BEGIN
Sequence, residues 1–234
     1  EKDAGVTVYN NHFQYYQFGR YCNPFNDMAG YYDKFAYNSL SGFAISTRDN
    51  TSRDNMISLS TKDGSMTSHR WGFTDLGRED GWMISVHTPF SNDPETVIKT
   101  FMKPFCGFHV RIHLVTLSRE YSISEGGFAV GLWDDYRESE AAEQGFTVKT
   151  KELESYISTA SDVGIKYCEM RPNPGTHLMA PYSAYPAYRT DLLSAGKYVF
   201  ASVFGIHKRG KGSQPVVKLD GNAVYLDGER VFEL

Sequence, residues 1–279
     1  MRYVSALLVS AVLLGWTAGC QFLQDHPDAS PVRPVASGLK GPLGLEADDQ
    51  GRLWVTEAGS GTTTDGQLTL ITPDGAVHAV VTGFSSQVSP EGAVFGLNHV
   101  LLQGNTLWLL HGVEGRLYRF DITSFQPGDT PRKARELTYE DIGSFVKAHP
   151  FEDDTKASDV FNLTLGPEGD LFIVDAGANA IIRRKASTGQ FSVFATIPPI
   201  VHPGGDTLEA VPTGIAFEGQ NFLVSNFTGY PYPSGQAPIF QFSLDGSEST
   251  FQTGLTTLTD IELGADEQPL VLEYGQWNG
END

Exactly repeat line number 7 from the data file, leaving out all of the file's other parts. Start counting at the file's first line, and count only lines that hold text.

Sequence, residues 1–279